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The flora and fauna of French Cay, Turks and Caicos.

French Cay

French Cay's interior supports an interesting array of salt-resistant ground cover and prickly-pear cactus.

Found 18 miles (29 km) south of Providenciales and 18 miles (29 km) southeast of West Caicos , French Cay is a very small low lying island and the only island in the Turks and Caicos from which no other island can be seen. Total land mass is about 22 acres (8.9 hectares).

Light tower at French Cay. The wrecked ship on the horizon highlights the need for such precautions.

The entire cay is a protected wildlife sanctuary with restrictions on landing. Brown Noddies, terns and gulls can be seen in large numbers in the area.

Although a mere speck in the ocean, French Cay has a bit of history.

One of the many pirates that used to operate in the Caicos Islands, famous buccaneer captain Françoise L’Olonnois (also known as Jean-David Nau) was rumored to have used French Cay as a lookout base to scan the deep water south of the Caicos Banks.

Another interesting event is that French Cay was considered for a lighthouse. During the period of time when the French controlled Haiti, a marine engineer (who was based in Haiti at the time) examined the cay to see if it was a suitable site for a lighthouse and if the benefits were worth the expense of construction and upkeep.

A small beach can be found off the north side of French Cay. The other sides of the island have low rocky coastlines.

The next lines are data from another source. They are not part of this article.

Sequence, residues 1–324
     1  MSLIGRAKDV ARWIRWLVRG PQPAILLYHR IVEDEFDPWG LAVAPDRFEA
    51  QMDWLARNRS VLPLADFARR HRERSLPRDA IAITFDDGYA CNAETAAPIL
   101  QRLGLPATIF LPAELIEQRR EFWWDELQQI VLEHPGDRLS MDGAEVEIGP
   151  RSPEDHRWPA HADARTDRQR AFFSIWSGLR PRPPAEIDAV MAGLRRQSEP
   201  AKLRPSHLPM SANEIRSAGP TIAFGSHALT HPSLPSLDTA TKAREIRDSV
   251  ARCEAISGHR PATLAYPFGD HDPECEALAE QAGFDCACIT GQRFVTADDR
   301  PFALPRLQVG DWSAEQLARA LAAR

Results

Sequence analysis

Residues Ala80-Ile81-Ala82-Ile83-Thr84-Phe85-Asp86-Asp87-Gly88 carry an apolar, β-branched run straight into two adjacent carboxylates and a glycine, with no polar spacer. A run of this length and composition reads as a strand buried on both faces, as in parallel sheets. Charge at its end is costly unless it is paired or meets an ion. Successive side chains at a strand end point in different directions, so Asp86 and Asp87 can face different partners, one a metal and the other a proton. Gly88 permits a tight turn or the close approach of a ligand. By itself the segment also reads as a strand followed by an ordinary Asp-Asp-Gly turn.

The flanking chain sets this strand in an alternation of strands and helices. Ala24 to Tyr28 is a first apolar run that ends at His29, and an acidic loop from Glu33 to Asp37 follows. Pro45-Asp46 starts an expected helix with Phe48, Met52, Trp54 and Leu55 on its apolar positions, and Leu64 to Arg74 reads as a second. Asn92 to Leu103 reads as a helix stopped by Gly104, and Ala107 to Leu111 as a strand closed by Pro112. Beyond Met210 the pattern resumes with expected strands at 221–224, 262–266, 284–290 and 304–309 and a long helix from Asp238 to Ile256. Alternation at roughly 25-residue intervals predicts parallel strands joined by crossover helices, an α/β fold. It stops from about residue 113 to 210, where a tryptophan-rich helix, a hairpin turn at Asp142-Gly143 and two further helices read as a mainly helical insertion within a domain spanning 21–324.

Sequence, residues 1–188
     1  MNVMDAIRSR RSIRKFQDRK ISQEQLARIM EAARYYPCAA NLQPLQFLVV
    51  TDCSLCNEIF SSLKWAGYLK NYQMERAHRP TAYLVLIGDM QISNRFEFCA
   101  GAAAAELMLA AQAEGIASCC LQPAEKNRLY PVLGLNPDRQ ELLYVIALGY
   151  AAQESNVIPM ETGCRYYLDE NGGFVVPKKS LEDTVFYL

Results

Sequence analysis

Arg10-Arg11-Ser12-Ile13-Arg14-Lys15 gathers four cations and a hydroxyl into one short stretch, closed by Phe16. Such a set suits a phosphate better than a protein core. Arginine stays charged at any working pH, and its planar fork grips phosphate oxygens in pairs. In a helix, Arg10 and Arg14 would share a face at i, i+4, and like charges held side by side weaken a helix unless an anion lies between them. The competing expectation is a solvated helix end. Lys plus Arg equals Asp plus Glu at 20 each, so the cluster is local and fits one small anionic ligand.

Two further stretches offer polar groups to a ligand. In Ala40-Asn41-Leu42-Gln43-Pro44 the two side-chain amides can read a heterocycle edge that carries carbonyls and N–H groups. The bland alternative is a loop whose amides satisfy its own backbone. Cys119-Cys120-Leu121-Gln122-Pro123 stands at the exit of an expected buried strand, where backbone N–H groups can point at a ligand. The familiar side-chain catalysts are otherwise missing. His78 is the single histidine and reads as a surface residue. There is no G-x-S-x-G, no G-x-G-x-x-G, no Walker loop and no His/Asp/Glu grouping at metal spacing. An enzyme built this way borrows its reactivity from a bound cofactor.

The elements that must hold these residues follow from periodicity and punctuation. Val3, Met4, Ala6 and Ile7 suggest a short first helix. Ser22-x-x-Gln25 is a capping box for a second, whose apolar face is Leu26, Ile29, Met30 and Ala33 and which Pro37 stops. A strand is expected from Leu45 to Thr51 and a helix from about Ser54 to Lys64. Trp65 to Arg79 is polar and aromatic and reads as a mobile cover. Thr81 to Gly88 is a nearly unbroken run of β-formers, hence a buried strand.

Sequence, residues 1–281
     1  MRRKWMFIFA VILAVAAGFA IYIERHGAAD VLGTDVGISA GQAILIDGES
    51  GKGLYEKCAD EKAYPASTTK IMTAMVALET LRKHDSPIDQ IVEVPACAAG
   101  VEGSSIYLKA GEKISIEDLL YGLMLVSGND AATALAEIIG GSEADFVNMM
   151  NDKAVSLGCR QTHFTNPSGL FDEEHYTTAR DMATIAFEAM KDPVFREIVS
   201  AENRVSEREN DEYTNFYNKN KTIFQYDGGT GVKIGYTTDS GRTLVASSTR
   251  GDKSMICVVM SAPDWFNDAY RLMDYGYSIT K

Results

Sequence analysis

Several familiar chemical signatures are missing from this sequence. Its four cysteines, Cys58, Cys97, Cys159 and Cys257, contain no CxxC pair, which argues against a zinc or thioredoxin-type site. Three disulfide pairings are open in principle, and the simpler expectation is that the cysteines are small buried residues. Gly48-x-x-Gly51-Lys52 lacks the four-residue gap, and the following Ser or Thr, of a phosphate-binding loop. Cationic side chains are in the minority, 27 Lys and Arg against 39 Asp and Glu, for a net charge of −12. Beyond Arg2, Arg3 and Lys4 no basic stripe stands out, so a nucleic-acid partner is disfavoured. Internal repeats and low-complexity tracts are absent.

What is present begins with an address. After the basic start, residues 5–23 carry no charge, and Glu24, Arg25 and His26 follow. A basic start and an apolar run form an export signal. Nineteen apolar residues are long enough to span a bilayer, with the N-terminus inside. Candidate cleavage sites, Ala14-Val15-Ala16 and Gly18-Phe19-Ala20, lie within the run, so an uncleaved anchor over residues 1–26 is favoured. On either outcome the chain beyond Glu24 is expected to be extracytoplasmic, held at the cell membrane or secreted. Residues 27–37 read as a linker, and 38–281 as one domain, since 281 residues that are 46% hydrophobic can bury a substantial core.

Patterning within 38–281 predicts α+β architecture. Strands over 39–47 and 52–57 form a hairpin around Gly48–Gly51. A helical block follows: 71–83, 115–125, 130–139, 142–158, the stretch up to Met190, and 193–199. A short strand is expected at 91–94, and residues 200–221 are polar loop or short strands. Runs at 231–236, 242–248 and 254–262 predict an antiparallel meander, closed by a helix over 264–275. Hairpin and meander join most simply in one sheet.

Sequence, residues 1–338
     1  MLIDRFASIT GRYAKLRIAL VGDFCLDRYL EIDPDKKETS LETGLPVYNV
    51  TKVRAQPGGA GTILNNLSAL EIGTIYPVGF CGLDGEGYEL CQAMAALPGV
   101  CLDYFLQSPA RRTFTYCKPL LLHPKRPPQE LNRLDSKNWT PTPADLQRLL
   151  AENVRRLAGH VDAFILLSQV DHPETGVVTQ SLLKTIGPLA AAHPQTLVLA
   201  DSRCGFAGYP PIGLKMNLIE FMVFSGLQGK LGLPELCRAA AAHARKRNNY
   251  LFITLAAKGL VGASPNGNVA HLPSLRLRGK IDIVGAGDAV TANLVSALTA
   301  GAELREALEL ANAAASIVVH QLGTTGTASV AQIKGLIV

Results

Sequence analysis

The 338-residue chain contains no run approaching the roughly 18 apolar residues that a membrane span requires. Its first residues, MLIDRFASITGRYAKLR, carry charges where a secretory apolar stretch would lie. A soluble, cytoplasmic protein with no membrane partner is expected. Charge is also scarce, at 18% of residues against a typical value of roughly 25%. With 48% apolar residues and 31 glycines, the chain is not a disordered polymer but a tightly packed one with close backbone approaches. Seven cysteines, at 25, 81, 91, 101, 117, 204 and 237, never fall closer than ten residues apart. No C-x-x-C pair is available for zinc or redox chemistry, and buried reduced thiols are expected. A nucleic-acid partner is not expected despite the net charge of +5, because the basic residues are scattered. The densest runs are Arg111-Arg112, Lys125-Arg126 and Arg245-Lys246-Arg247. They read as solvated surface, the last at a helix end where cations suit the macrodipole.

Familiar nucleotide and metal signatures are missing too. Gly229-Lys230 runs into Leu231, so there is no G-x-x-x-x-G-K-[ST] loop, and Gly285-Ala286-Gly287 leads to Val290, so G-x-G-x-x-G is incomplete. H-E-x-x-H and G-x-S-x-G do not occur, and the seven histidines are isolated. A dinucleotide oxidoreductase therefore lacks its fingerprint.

Diving

Several of the best dive sites in the country are located close to French Cay. Due to French Cay being on the south wall of the Caicos Banks barrier reef, the deeper wall areas are more exposed to the sun than most of the West Caicos and Providenciales wall sites and consequently have better lighting and a bit more vibrant corals. When diving nearby, dive boats often spend their surface interval on the leeward side of the island.

Several modern wrecks can be seen on the horizon in the French Cay area and are a testament to the treacherous reefs.

Sharks

French Cay is known to be one of the best places to see sharks in the Turks and Caicos. Grey reef sharks are the most common variety, yet nurse, hammerhead, bull, lemon and tiger sharks can be spotted at times as well.

During the June and July mating season, large numbers of nurse sharks may be seen congregating in the shallows on the leeward side of the island.

French Cay is a protected nature sanctuary. Permission is required to land on the cay. It is illegal to disturb any wildlife or take any natural or historical object.

Map & Location

Map